DHAKA: Bangladesh’s garment factories resumed operations as hundreds of thousands of workers returned to key manufacturing hubs following days of intense protests calling for a nearly threefold increase in the minimum wage.
The country has witnessed its most significant labor unrest in a decade, with tens of thousands of workers advocating for a minimum monthly wage of 23,000 taka ($208), a substantial rise from the government-set 8,300 taka five years ago.
The garment industry, comprising 3,500 factories and contributing around 85 percent of the country’s $55 billion annual exports, faced disruptions as workers clashed with police over their demands. Despite a recent 56.25 percent wage increase to 12,500 taka by a government-appointed panel, workers rejected the offer, leading to further protests and the ransacking of at least 70 factories.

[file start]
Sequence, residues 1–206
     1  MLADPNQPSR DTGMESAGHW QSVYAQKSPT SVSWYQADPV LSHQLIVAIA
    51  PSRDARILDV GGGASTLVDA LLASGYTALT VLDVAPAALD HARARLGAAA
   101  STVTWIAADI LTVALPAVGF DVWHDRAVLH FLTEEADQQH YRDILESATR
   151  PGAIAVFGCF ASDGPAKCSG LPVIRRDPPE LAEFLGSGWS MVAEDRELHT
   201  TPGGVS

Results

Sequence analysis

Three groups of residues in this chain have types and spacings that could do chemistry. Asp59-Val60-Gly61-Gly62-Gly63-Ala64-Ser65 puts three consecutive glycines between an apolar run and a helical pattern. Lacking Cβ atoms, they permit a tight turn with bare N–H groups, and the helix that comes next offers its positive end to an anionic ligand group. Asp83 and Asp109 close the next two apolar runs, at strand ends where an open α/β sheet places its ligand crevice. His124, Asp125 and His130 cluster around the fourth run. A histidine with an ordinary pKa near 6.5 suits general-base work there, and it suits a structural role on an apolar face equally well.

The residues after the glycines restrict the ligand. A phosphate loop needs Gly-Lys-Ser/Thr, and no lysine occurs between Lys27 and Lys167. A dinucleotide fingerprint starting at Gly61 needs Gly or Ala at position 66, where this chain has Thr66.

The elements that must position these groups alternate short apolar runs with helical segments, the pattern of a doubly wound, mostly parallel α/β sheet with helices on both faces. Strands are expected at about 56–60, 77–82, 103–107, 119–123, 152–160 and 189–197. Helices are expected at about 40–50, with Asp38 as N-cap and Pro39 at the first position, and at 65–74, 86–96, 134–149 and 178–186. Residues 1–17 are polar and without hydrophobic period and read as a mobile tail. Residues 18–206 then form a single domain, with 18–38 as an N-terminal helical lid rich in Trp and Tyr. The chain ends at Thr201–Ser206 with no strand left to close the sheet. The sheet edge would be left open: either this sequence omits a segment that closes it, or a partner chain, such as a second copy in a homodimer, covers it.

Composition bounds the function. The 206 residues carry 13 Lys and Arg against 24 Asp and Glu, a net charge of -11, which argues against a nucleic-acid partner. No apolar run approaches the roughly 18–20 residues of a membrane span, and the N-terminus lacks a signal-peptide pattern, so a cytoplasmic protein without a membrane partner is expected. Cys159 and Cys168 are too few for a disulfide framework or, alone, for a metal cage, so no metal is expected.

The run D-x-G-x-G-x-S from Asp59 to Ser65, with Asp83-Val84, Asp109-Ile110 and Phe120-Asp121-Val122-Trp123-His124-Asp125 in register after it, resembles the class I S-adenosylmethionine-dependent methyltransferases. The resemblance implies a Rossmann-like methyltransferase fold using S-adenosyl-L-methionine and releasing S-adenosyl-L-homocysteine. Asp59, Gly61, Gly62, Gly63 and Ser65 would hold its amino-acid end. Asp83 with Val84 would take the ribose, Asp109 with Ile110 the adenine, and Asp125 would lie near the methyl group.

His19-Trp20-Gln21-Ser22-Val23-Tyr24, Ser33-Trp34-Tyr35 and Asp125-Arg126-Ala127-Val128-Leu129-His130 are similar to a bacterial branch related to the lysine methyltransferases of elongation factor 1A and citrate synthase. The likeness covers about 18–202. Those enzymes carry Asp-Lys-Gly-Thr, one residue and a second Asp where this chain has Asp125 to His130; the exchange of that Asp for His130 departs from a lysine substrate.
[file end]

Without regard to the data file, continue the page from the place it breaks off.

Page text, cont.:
Top union leader Babul Akhter reiterated the demand for a 23,000 taka minimum wage but urged workers to return to factories. The resumption of operations followed talks between manufacturers and workers in trouble-spots like Ashulia and Gazipur. Despite previous violence that resulted in four worker deaths and numerous arrests, authorities reported a peaceful reopening of factories.
While the government has rejected additional wage hikes, concerns have been raised by rights groups over the dire conditions faced by many workers, including challenges related to food, housing, education, and healthcare costs. Prime Minister Sheikh Hasina warned that prolonged protests could lead to job losses, emphasizing the delicate balance between labour demands and economic stability.